1 June 2021
Pharma forum 2021 – 2 of 2 Insights
Compulsory licensing and governmental use of patents has been under significant scrutiny since the start of the pandemic. From the outset, questions arose of whether the problem of supplying the public with sufficient quantities of vaccines and COVID-19 medicines as well as medical devices such as non-invasive and invasive ventilators, masks etc. could be easily solved by a forced use of patents, be it by compulsory licensing of competitors or even governmental use orders.
At our upcoming Pharma forum, we'll focus on this topic from a German perspective, including the guiding case law provided by the Federal Supreme Court and the application of the compulsory licenses provision of the Patent Act.
First, we'll consider the requirements for the grant of a governmental use order and a compulsory license in comparison. As patent property rights are protected by the Constitution and because any encroachment in fundamental rights must meet fairness and equitable requirements, we will focus on restrictions of their scope and whether the possibility of a compulsory license by a competitor excludes the grant of a governmental use order.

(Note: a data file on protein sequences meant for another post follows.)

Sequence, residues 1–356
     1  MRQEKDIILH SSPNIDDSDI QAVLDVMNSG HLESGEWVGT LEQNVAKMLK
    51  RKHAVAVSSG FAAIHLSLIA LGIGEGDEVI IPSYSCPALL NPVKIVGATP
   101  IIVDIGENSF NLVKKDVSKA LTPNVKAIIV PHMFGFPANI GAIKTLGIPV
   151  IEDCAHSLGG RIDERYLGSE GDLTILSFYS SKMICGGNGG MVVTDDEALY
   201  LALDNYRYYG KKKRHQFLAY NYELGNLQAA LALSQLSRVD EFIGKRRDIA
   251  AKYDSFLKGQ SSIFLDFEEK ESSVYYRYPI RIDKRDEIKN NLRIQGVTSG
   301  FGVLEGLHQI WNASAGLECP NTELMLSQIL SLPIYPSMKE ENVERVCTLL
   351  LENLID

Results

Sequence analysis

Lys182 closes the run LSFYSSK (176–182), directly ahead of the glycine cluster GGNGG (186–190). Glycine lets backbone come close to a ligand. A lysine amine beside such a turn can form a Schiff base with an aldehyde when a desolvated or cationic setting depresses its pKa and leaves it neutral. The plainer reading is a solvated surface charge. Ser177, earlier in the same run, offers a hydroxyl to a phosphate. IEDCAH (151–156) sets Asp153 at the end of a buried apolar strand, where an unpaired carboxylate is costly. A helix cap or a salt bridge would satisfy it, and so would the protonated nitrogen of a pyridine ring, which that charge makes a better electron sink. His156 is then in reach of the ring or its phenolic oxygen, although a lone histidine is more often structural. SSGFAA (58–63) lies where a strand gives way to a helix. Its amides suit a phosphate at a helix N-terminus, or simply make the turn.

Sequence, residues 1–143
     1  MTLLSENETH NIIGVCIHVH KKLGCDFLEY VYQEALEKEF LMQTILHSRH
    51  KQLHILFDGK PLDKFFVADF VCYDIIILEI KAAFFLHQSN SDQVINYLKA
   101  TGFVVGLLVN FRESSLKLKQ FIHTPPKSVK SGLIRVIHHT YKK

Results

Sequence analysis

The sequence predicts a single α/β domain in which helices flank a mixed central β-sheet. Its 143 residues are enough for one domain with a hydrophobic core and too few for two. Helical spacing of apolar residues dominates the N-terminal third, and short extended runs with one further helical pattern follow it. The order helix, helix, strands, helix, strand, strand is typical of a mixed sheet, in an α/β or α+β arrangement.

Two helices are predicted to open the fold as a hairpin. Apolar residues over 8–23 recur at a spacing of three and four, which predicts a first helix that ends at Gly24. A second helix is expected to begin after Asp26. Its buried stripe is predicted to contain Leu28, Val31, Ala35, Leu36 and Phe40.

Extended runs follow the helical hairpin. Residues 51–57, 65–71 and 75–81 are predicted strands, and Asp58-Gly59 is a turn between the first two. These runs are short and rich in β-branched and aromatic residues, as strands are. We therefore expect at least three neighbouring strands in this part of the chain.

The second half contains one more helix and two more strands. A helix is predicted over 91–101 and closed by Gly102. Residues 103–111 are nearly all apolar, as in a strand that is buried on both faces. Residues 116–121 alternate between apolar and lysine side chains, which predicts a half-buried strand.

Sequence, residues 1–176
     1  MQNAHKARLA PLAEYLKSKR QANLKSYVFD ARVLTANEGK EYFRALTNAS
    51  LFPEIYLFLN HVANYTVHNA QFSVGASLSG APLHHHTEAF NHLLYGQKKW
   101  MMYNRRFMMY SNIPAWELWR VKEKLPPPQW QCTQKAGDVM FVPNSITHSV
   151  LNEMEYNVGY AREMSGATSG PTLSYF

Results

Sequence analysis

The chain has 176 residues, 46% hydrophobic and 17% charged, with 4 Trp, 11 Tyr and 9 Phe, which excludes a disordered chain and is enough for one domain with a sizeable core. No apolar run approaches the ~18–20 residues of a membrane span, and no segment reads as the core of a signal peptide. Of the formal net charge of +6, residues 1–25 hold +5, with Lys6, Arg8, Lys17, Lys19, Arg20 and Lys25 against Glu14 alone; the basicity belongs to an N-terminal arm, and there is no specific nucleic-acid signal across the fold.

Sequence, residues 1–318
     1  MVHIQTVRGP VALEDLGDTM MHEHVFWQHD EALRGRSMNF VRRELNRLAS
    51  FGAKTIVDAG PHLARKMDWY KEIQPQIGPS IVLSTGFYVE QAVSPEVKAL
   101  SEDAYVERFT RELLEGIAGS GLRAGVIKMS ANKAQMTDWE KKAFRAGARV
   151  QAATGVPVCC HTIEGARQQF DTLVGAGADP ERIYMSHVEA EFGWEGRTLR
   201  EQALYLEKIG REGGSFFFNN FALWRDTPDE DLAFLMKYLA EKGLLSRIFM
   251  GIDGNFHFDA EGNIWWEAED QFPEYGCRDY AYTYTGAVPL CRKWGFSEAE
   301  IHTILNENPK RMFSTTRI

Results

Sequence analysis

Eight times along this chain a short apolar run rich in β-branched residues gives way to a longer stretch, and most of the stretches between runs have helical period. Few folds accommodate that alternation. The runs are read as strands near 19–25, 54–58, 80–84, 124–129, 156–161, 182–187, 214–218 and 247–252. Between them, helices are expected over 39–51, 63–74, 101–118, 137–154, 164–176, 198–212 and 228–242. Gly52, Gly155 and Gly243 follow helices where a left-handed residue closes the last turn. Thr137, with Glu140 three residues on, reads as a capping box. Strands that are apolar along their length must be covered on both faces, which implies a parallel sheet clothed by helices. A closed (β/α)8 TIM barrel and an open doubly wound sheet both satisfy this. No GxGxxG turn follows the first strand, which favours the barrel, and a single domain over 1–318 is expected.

Next, we'll take a closer look on the two recent leading cases on compulsory licenses decided by the German Federal Supreme Court – HIV drug (2017) and Alirocumab (2019) – and on how the Federal Supreme Court applied the requirement of "public interest" in those cases.
Finally, we'll discuss the practical implications of compulsory licenses and governmental use orders. Insofar as completely new medicines developed during the pandemic, the related intellectual property rights will (broadly) still be in application stage and not yet even granted as patents. Data and market exclusivity provisions will still apply to the clinical data, as well.
Any competitor or anybody who might use a patent based compulsory license or governmental use order, respectively, will also need a marketing authorisation for the manufacture and distribution of the (patented) medicines and vaccines. However, there are no corresponding compulsory measures in the regulatory law.
The legal situation will differ between newly developed medicines and second medical use of already known treatments that have generic authorisations. Already, it's clear to see that there's no easy solution and no "one size fits all" solution (see our FAQ page for more).
Bearing this in mind and looking at the recent political discussion about a potential waiver of COVID-19 related patents to globally cope with the pandemic, we'll consider why simply lifting patent protection will not help to solve practical limitations in the manufacturing and supply capacities (a handy summary is available here).
To find out more, register for our Pharma forum below.
by multiple authors